Sunday, September 7, 2008


I worry a lot, especially about things I can't control.

Take the painting, "Song of the Angels" on the right by William Bouguereau, quite possibly the best artist of the 19th century and arguably of all time. Many people today would not appreciate a painting like this and don't understand why it is an example of great art.

As one who is inspired by classical art, I'm concerned that kids today are not exposed to great art. Even college students are led to believe that work like this is "sentimental," "derivative, "boring" and worse.

Sadly, we have many art "professionals" who promote an agenda that de-emphasizes developing skill and discipline in the arts. It's like music students learning to play, sing or compose music without learning anything about scales, chord theory or other basics.

Add to this the fact that when school budgets get tight, the first things eliminated from the curricula are the art and music programs.

I'm one of those who believe so many people, maybe especially in America, see art as being entirely trivial -- nothing more than a decoration that matches the sofa and window treatment and that "ties the whole room together." And kids, and even many adults, know (and will learn) nothing about art and what great art can do for us. What will this do to the future of art and to those of us who make (and try to sell) traditional/classical art?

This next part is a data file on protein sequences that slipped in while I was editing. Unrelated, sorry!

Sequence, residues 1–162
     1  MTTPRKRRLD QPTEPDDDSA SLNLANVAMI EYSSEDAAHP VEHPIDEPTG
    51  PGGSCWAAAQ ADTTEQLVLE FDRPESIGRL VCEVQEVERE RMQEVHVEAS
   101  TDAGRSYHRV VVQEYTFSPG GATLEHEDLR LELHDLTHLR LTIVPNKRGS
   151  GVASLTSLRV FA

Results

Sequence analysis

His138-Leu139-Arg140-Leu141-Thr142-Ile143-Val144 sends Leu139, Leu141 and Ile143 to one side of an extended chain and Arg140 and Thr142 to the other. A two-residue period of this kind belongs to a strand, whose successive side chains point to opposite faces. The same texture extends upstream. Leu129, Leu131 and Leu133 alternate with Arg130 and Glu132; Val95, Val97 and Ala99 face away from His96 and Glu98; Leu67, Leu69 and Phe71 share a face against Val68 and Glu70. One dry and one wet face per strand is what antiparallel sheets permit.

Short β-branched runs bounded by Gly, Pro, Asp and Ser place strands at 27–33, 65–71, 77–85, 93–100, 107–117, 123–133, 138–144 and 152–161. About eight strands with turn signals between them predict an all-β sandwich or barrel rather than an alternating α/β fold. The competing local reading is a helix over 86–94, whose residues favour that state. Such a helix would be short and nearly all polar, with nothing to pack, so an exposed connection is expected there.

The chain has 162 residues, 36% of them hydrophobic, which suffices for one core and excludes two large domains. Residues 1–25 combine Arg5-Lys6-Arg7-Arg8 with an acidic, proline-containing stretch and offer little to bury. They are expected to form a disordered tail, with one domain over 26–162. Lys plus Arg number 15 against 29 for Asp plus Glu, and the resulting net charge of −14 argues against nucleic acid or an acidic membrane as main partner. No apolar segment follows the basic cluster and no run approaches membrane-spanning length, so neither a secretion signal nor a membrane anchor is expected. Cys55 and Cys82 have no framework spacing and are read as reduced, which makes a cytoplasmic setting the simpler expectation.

A fella by the name of Brian Yoder has a Website where he discusses the topic of great art in more depth than is possible here. Whether you agree with his viewpoint or not, his comments will make you think. Find his thoughts in his "frequently asked questions" section:

Also, an outfit called the Art Renewal Center has many online articles and a vast collection of traditional artwork (also online): (note: some of the art shown on this site, including the home page, does show nudity -- not to be confused with pornography IMO).

Meanwhile, I'll be busy -- painting in the classical style, and worrying whether or not anyone will even like this stuff in 10-20 years.

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